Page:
Organizations continually aim to increase profits by reducing costs and increasing efficiency. This has been the mantra since the first wave of process improvement initiatives in the 1970s and 1980s where Total Quality Management, process improvement methods and statistical process control where the leading enablers. However, traditional businesses underwent dramatic changes in the late 1980s due to globalization and the removal of trading barriers. Many organizations reassessed their take on performance improvement and began adopting a process-centric approach called Business Process Management (BPM) to improve their performance and reduce cost.
BPM has evolved significantly since the 1990s (when process reengineering and Six Sigma were all abuzz) and has now reached the stage for the third wave in BPM methods. Organizations today use various long-term strategies such as automation, resource optimization, process standardization and process re-engineering to achieve cost reduction and operating-model effectiveness. All these strategies have processes at their core. Unfortunately, few organizations truly recognize how easily they can reach operational efficiencies through BPM. Every organization has its own business processes that, if left unmanaged, can potentially become complicated. As activities or tasks go from person to person, it can be difficult to keep a high-level perspective on what is actually going on.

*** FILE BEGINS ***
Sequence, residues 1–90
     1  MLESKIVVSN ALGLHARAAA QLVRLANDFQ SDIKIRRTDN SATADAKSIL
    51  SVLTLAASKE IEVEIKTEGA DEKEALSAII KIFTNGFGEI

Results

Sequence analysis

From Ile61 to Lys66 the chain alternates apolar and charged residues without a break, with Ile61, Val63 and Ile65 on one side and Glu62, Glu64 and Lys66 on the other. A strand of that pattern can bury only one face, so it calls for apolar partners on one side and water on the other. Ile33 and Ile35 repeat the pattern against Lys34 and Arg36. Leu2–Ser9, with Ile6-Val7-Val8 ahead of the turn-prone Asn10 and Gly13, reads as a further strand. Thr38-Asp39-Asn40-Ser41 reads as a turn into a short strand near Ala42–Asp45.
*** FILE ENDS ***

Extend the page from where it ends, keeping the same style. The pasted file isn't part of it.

On the other hand, technological advancements such as the rise of social media and mobility, demand that businesses transform in order to remain relevant. Hence, companies are under constant pressure to innovate in products and reengineer processes to stay ahead of the competition and earn profits. They must ensure that all operational processes are as effective and efficient as possible with the resources at hand.
It is reassuring to note that more and more companies are acknowledging that BPM is significant to improve efficiencies, reduce cost of service, reduce waste and generate higher revenues. Getting started can feel a bit daunting, but the overarching idea in BPM is to reengineer a business and the underlying processes.
When an organization decides to reengineer a process, the first step is to understand the existing state (or the “as-is” situation). Once the proper functioning of processes is understood and captured, it becomes easier to analyze the process and identify any control gaps, process redundancies and inefficient processes leading to poor customer experience. During this stage, analysts use different techniques (such as Six Sigma, lean and 5S) to identify these gaps. Analysts also perform benchmarking and maturity model analysis to spot improvement areas. Once the gaps are identified, designing the desired state or “to-be” state of the process is done. Once the “to-be” state models are created, the processes are implemented for monitoring. Normally, the “as-is” and “to-be” process models are created in process-modeling tools.
Process modeling links business processes, performance metrics, practices and people skills into a unified structure. Process models integrate the well-known concepts of business process reengineering, benchmarking, process measurement and organizational design into a cross-functional framework. Process models are very effective in improving current business operations and establishing a common language across the firm, and are often used as a foundation for improvement initiatives.